I have been criticised in the past for saying it – but stick by my belief – that it’s impossible to justify dedicating the same level of policing to an area with the top priority of cycling on pavements as to an area concerned with anti-social behaviour problems associated with drink and drugs.

We’re going through the end of our strategic assessment process, and one of the strongest criticisms of it has not been the priorities we’ve suggested, but that we didn’t involve residents at an earlier stage. And we didn’t. That’s something we need to improve.

Even if it’s not perfect, Balance Your Bobbies starts a process of getting people thinking about the issues they face and how to tackle them. Taken a little further, it could start educating both those involved in policing about what the public wants, but also educating the public about the broader strategic priorities and how their decisions – with their SNTs – can feed into them.

It would be fascinating to see how something similar would work in Wandsworth. What would you want your SNT concentrating on? But, perhaps more importantly, what wouldn’t you mind them ignoring?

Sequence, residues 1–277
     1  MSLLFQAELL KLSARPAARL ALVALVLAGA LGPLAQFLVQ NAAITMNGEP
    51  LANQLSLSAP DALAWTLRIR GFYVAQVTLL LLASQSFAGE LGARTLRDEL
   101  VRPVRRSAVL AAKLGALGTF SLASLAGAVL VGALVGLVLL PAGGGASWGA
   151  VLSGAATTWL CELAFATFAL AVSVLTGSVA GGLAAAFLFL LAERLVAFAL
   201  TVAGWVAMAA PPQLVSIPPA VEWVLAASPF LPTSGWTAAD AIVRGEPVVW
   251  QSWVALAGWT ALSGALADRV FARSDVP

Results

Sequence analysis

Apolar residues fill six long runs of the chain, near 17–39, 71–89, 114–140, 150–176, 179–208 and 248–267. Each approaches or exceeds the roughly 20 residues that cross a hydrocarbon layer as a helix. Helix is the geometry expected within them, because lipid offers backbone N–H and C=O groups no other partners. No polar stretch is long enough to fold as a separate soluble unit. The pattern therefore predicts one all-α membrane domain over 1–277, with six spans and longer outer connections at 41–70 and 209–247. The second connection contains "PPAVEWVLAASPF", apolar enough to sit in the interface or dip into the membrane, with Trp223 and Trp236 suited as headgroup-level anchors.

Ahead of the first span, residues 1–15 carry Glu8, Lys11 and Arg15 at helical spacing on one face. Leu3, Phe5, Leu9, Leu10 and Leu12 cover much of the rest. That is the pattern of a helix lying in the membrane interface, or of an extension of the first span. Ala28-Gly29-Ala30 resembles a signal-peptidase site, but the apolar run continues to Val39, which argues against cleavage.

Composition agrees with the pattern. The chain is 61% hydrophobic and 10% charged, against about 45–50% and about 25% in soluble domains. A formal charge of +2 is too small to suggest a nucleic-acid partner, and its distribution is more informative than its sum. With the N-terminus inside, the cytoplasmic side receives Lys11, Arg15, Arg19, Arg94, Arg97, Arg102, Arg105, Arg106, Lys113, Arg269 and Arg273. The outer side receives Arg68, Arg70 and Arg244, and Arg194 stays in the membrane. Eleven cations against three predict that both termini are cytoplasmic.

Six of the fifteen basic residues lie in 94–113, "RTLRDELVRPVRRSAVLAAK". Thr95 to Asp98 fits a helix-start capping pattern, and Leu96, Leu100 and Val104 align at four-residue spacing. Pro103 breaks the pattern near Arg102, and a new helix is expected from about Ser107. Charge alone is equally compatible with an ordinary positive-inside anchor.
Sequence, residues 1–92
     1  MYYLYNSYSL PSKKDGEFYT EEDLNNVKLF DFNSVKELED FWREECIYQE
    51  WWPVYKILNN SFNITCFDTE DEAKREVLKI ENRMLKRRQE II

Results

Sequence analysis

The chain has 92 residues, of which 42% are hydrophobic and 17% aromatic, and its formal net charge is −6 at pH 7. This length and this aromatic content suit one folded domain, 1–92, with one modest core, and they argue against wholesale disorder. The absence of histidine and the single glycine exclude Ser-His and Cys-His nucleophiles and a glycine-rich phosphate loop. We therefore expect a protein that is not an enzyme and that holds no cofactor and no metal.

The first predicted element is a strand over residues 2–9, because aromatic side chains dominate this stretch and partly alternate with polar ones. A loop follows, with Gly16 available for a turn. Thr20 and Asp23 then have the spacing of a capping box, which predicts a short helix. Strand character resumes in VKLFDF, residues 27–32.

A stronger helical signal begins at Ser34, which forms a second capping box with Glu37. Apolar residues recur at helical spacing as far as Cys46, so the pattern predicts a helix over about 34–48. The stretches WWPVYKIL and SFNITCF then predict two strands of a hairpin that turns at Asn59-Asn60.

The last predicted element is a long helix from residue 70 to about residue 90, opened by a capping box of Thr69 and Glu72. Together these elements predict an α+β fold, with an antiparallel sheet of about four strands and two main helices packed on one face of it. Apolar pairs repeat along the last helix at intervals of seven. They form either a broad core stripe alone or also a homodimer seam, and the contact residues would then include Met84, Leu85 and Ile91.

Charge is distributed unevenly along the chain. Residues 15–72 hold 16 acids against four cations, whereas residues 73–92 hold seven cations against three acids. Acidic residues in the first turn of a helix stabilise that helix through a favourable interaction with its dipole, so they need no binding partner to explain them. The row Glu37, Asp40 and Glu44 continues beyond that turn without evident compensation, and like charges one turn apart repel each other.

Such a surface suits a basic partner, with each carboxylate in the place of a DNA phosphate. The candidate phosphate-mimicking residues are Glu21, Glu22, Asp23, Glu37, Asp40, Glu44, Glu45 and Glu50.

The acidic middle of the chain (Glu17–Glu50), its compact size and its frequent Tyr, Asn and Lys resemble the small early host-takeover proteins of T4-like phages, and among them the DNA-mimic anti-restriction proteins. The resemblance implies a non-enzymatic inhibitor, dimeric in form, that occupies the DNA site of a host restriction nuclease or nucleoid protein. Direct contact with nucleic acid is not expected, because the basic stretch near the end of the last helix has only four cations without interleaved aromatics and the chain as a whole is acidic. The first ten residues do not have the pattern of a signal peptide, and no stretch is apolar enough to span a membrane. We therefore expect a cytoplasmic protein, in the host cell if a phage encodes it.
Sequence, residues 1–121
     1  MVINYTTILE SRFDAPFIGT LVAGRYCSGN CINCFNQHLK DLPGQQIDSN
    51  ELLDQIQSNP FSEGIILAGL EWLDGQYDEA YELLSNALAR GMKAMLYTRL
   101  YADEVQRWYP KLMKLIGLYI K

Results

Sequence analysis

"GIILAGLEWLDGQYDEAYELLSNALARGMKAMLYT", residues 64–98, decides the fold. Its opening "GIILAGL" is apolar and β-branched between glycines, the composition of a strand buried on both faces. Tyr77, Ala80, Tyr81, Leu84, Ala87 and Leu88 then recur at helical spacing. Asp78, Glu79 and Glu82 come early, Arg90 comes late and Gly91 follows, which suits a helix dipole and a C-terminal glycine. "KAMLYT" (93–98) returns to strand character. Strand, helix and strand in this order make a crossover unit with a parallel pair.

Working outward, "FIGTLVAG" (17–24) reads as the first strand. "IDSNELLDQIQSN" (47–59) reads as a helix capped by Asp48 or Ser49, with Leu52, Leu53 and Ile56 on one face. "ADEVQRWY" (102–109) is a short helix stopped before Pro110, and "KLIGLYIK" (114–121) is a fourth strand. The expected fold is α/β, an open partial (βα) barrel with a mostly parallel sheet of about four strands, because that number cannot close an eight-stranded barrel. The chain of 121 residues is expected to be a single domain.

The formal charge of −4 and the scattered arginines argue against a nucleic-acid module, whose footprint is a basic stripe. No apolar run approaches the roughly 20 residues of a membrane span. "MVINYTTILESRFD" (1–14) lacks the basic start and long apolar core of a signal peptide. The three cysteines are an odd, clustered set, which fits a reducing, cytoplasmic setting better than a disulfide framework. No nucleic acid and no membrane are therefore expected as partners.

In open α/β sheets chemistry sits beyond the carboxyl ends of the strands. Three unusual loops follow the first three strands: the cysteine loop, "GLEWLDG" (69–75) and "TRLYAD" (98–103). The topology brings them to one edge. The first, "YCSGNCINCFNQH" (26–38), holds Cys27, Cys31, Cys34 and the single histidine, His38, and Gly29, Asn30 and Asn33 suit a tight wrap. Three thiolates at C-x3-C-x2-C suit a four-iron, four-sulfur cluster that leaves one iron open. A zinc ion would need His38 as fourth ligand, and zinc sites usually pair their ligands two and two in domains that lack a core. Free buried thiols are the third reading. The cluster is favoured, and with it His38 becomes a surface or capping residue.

I only occasionally comment on politics on here. I think I managed to avoid it almost entirely during the election campaign, and to a degree I’m rather proud of that: avoiding politics during an election is what 98% of the population do which makes me decidedly normal.

The irony is that I’m now getting more and more excited by politics. Having been a self-declared semi-detached politician for so long I’m re-thinking it all.

There are a few reasons for this. For a start, I’m increasingly becoming a fan of the coalition. I was instinctively against coalitions, I’m not sure that horse-trading – with the third placed party conducting negotiations with both Labour and the Conservatives – should be the way the government is formed.